What Causes Moles to Suddenly Appear – Reasons, Types, Prevention

Do you suddenly have a mole that seems to have appeared out of nowhere? If yes, then you might have started thinking What Causes Moles to Suddenly Appear. Don’t fret.You’re not alone. You are just part of 10% of the population who develop between 10-40 moles by the time they reach adulthood. Moles commonly occur on light-skinned people, and for the most part, they are perfectly harmless. Most moles appear in childhood and before the age of 25 years. They are usually brown or black presenting alone or in clusters. They are sensitive to hormonal changes and exposure to sunlight. Any of the aforementioned catalysts will cause a change in color, size and/or an increase in the number of moles.

What Causes Moles to Suddenly Appear

Moles are defined as small colored spots on your skin caused by melanocytes. Melanocytes are the cells in your skin that are responsible for producing melanin or the pigment that gives skin its natural color. A mole occurs when melanocytes grow in clusters instead of spreading evenly on the skin.The scientific name for a mole is melanocytic naevi. Moles are naturally darker than the rest of the skin because of the concentration of pigment-carrying cells.

The lifespan of moles is widely varied. They can appear and disappear before you know it or they can last a lifetime.They can be flat or raised, smooth or crusty, brown or black, circular or oval shape and with neat or fuzzy edges. This is why it is important to periodically examine your mole or moles to determine if they are changing. Some changes are nothing to worry about, while some warrant a visit to the doctor. By regularly examining your mole, you can determine which type it is and if it is potentially the cancer-causing type.

Types of Moles

There are primarily three types of moles. Understanding the type of mole you have is important. It determines whether you will rush to your GP for further analysis or you will avoid wasting your time and money on a benign mole. Either way, information is power in this case.

Congenital Nevi

congenital Nevi
Image: skindiseaseremedies.com


The congenital nevi normally present at birth. On average, they present in about 1% of the populous. The congenital nevi have a high likelihood of developing into melanoma cancer (skin cancer) than any of the moles that appear randomly after birth. Larger congenital nevi are more likely to develop into skin cancer than smaller ones. Needless to say, anyone with this kind of mole should visit the doctor.

Dysplastic Nevi

Dysplastic Nevi
Image: orlandoskindoc.com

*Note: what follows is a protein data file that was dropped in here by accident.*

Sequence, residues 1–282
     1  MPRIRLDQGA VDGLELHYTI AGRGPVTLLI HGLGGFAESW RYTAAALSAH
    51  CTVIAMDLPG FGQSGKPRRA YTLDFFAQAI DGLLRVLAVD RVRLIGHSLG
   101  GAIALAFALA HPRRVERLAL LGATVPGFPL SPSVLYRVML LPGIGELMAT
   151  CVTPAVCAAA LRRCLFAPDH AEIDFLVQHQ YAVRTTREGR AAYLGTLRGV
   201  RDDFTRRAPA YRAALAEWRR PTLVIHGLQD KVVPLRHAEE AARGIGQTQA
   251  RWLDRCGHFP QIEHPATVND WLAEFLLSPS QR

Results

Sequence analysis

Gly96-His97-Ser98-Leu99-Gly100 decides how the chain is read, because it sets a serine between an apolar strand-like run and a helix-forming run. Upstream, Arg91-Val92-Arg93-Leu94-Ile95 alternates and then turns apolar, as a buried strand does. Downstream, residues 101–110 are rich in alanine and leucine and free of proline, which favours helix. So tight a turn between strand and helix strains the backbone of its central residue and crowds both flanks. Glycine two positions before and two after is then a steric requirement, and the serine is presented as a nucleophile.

Dysplastic Nevi are also known as Atypical Moles. Atypical moles are usually larger than the average size of a mole with unusual characteristics. They are uneven in color with a darker brown middle, and their edges are usually irregular with white borders, reddish borders or black dots all around the edges. The good news is, they are commonly benign. They are largely brought about by genes. However, the more atypical moles you have on your body, the higher the risk of developing melanoma in one of the moles. Dysplastic nevi tend to favor Caucasians.In general, 2-8 percent of Caucasians have them. It is, therefore, imperative for anyone who has atypical moles to fiercely protect their skin from harmful UV rays, watch out for changes in the composition of your moles and visit the doctor for periodic checks.

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Acquired Moles

Acquired Moles
Image: ozarkderm.com


Acquired moles are the most common of all the types. They start to appear from early childhood to early adulthood (25years). The main cause of acquired moles is exposure to the sun. They are typically smaller than the diameter of a pencil eraser, their borders are clearly defined and they may or may not grow a dark coarse hair. Acquired moles are the least likely of all the mole types to cause melanoma.

Ultimately, when you find a new mole on your body, don’t panic. Examine it by the ABCDE guidelines listed below to determine if your mole is something to worry about. If your mole falls under the signs below, consult a doctor.

Asymmetry: – If one side of the mole does not resemble the other.

Border: – If the edges are scalloped, ragged, fuzzy or blurry

Color: – If it has multiple shades; brown, black, red, blue or white

Diameter: -If the diameter is larger than 3-5 millimeters

Evolving/Enlarged/Elevated: – If it’s changing size, shape or color

The majority of moles are benign. They are just a manifestation of excess sunlight of our skins. It is important, therefore, to protect our skin from harsh UV rays. Here are ways to prevent moles from appearing:

  1. Avoid direct sunlight exposure between 10am-4pm. The sun rays are the strongest during these hours.
  2. Ensure you use sunscreen every time you leave the house even on days that the sun isn’t visible.
  3. Use recommended treatment creams and serums to get rid of existing moles. Top on the list of the most effective mole removing creams are:
  1. Avoid tanning your skin using tanning beds
  2. Wear clothes that adequately cover up exposed areas of skin, for example, broad hats and long sleeved shirts.

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